I watch tv. Here are the things I watch: reality tv shows such as American Pickers, Shark Tank, Amazing Race and such like. I also watch sports–mainly football, baseball and hockey. I have been known to watch The Simpsons and The Middle.

From what I’ve seen in statistical averages, I don’t watch as much tv as the average guy, but I certainly can’t say, “I don’t watch tv,” for the primary reason that, I do watch tv.

Next time someone asks you if you saw some program, just say, “No, I did not happen to see that, what was it about?” Instead of jumping on your self-righteous moral stallion and trotting off into the sunset like Gary Cooper in High Noon.

What? High Noon? What is that? You’ll have to tell me because I don’t watch television.

Pet Peeve Month Recap:

If God be for Me, Who Can be Against Me?!!!
Not Agreeing with Everything a Theologian Says
Christian Compliments After Arguments
The Man Upstairs
The Inoffensive Gospel

It’s A Mystery!
Bashing Men
When was the Last Time you Heard a Sermon on That?
Happy Christians
AIM’s Pet Peeve Month

Pet Peeve Month: If God be for Me, Who Can be Against Me?!!!!!

Many biblical phrases have taken on a life of their own. Romans 8:31, is one that has evolved to mean any number of stupid things.

When the Baltimore Ravens won the Super Bowl is the last time I heard it used in a classic stupid way. Ray Lewis, who was once very weirdly involved in a stabbing murder and obstruction of justice problems, has been going on for years about how God is using him.

I have no idea if Ray Lewis stabbed people or if God is using him. But he has the idea that he is a prime instrument in God’s toolbox. After winning the Super Bowl, he was interviewed by Jim Nantz and good ol’ Ray said, “If God be for you, who can be against you?” in triumph.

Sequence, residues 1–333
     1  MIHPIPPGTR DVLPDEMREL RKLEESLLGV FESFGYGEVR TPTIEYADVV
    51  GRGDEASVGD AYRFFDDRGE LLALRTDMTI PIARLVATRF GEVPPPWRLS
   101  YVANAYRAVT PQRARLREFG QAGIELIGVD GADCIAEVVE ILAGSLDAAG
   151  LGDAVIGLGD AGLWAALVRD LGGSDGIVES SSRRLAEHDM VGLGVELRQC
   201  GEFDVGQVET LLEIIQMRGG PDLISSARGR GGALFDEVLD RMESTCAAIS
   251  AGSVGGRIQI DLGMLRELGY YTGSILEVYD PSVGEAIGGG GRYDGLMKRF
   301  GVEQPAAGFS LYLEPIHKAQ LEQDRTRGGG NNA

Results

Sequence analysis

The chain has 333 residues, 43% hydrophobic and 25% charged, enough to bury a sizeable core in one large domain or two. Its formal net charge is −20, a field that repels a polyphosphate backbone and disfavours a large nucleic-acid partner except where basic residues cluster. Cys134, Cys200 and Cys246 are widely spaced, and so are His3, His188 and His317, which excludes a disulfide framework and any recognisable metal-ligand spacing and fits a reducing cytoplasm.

Which begs the question, why haven’t I won a Super Bowl? Is God not for me? Do I need to go stab a couple people before God can use me?

Romans is a book about righteousness, being made just. Romans 8:30 speaks of God predestinating, calling, justifying, and glorifying His people. Once God has done this work there is no place for accusations against His people.

Romans 8:32 shows God’s total involvement in this by basing it all on the sacrifice of His Son. Romans 8:33 says no one can lay a charge against God’s elect.

If God is for us, who can be against us means no one can thwart God’s work in predestining, calling, justifying, and glorifying His people. No one can un-justify whom He has justified.

Ray Lewis, and many others, think God being for me means I win a lot, that I triumph in all things, that I’m better than you so back off, loser.

What Paul meant by God being for us so no one can be against us is that Christ completely justifies and there’s no undoing this. There is security in not being separatable from God’s love in Christ.

Ray Lewis makes Romans 8:31 about him–I just won because God makes me a winner.
God makes Romans 8:31 about Christ.

Guess who’s right?

Pet Peeve Month: Not Agreeing With Everything a Theologian Says

Any time a Christian recommends a book, sermon, or a preacher to you, they end their recommendation with, “You know, I don’t agree with every thing he says, but he’s pretty good.”

I find this annoying. I mean, no kidding. At what point have any two people anywhere ever agreed on every thing? Seems to me, if you are around people you agree with on every thing, you’re in a cult.

Have you ever heard an author say, “I know these readers talk me up big, but, you know, I don’t agree with them on every thing.” You never hear them say that, so why do we say it every time we recommend a book?

It is my contention that every preacher or theological writer should purposely put weird stuff out there, just to make sure no one is agreeing with everything he says.

Furthermore, it is also annoying when a person says, “I don’t agree with him on every thing” because they don’t specify what they mean. I think this is Recommender’s Insurance.